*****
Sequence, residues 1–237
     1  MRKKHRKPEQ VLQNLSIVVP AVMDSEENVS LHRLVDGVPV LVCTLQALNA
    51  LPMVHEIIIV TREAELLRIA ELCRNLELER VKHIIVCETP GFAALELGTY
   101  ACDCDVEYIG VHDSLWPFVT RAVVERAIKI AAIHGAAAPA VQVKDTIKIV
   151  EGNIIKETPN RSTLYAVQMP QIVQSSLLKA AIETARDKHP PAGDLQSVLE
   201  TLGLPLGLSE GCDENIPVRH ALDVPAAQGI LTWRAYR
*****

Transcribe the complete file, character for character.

Sequence, residues 1–237
     1  MRKKHRKPEQ VLQNLSIVVP AVMDSEENVS LHRLVDGVPV LVCTLQALNA
    51  LPMVHEIIIV TREAELLRIA ELCRNLELER VKHIIVCETP GFAALELGTY
   101  ACDCDVEYIG VHDSLWPFVT RAVVERAIKI AAIHGAAAPA VQVKDTIKIV
   151  EGNIIKETPN RSTLYAVQMP QIVQSSLLKA AIETARDKHP PAGDLQSVLE
   201  TLGLPLGLSE GCDENIPVRH ALDVPAAQGI LTWRAYR